A Wi-Fi finder, also called a Wi-Fi signal finder, Wi-Fi seeker or Wi-Fi locator, is a miniature electronic device that can determine whether or not a portable computer user is within range of an access point for a wireless local area network ( WLAN ). The intent is to eliminate the need to boot up the computer and attempt to connect on a "hit-or-miss" basis.
A typical Wi-Fi finder operates with the push of a button and indicates signal strength, the network identifier ( SSID ), the channel being received and whether or not the access point uses encryption . The operating range is approximately 300 feet, although this can vary depending on the presence of electrical wiring, steel building construction or other obstructions that block the propagation of electromagnetic field s.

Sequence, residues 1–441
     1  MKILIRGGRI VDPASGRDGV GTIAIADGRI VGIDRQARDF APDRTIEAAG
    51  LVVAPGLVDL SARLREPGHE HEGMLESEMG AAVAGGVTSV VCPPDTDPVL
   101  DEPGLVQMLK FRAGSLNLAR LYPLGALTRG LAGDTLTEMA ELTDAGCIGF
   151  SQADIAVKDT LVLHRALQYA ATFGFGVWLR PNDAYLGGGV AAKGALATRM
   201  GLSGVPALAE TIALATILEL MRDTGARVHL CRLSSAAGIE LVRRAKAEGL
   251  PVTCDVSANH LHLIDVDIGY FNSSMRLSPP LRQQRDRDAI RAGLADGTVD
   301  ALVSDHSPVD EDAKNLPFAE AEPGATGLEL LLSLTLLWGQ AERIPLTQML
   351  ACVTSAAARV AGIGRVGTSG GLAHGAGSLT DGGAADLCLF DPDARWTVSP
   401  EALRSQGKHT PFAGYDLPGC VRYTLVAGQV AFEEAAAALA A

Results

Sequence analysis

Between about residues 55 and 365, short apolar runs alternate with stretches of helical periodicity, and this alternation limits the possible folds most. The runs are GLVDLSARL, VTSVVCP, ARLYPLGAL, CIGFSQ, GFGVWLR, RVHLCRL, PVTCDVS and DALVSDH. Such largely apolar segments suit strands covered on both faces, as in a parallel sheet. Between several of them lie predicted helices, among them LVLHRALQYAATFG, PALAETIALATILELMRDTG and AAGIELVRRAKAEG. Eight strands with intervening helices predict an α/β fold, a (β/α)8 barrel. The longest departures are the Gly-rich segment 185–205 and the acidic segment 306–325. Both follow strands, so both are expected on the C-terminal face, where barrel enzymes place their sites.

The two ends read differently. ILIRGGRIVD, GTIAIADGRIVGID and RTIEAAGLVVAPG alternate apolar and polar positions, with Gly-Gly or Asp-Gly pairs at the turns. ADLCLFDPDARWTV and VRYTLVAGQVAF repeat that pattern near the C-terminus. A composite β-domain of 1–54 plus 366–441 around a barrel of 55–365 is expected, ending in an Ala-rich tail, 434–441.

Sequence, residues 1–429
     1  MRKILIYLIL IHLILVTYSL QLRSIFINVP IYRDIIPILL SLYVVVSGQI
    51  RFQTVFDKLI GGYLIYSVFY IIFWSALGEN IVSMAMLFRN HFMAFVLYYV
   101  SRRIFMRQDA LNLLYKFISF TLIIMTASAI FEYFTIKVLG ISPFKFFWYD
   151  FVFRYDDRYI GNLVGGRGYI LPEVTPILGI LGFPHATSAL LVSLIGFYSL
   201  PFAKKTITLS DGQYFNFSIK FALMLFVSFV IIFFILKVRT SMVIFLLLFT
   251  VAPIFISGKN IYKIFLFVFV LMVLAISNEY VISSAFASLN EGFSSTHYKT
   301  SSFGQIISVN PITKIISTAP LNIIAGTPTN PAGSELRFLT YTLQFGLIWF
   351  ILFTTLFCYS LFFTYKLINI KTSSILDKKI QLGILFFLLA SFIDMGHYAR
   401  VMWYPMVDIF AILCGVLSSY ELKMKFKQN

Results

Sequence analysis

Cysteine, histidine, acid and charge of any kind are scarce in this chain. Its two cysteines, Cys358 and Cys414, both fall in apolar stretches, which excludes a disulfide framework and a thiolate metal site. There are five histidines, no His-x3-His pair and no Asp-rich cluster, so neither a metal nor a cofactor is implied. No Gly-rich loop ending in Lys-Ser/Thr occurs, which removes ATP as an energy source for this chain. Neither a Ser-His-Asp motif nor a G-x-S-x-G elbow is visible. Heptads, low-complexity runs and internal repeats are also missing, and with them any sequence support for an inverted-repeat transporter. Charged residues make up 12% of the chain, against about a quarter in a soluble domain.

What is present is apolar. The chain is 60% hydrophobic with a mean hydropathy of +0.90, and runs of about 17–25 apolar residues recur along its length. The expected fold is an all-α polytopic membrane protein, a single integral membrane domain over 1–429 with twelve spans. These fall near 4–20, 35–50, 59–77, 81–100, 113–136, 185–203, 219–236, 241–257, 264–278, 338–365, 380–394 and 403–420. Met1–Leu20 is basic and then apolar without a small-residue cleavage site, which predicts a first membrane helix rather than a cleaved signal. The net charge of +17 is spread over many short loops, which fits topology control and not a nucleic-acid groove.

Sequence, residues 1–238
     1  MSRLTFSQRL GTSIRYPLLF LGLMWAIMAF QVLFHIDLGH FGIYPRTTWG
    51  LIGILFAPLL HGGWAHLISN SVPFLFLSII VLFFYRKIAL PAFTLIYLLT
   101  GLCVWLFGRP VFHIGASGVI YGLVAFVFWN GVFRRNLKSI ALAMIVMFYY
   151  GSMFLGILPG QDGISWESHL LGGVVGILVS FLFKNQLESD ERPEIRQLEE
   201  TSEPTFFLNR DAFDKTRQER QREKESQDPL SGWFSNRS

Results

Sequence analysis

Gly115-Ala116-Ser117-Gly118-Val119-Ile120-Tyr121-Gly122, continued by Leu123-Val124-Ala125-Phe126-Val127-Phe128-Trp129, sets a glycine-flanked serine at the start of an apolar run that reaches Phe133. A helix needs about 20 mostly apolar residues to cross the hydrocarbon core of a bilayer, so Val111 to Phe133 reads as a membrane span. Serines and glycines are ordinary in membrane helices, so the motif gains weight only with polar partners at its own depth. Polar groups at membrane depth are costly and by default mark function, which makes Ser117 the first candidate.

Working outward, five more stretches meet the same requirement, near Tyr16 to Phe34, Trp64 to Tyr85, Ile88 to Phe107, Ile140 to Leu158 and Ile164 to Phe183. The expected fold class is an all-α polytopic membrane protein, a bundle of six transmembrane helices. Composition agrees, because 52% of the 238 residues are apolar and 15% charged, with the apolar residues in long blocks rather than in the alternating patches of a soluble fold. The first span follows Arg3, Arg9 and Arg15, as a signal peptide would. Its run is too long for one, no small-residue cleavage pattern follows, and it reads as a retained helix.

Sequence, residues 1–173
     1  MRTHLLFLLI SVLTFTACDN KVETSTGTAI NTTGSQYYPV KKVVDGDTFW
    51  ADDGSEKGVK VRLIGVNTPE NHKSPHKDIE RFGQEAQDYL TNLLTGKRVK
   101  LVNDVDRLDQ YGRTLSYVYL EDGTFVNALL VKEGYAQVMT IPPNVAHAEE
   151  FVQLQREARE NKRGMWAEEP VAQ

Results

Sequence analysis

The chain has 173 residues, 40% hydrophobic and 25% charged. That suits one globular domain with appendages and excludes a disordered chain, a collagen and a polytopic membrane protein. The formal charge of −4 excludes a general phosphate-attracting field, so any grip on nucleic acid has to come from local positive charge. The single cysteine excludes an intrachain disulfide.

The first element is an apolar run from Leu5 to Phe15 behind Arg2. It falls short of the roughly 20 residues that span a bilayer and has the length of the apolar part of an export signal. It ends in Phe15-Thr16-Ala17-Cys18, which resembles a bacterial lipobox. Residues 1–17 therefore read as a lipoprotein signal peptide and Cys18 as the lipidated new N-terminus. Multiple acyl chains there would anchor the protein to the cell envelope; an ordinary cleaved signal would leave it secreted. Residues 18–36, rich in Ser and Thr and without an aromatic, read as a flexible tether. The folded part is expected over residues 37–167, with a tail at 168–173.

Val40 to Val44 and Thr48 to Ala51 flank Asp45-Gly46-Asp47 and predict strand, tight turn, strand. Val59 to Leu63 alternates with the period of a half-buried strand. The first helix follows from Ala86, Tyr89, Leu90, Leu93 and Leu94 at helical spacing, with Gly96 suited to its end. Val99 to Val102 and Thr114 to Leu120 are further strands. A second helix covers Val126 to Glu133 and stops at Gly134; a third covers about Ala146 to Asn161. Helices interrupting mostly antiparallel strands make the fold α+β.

Wi-Fi (short for "wireless fidelity") is a term for certain types of WLAN that use specifications in the 802.11 family. Many airports, hotels and fast-food facilities offer public access to Wi-Fi networks. These locations are known as hot spot s. An interconnected area of hot spots and network access points is known as a hot zone .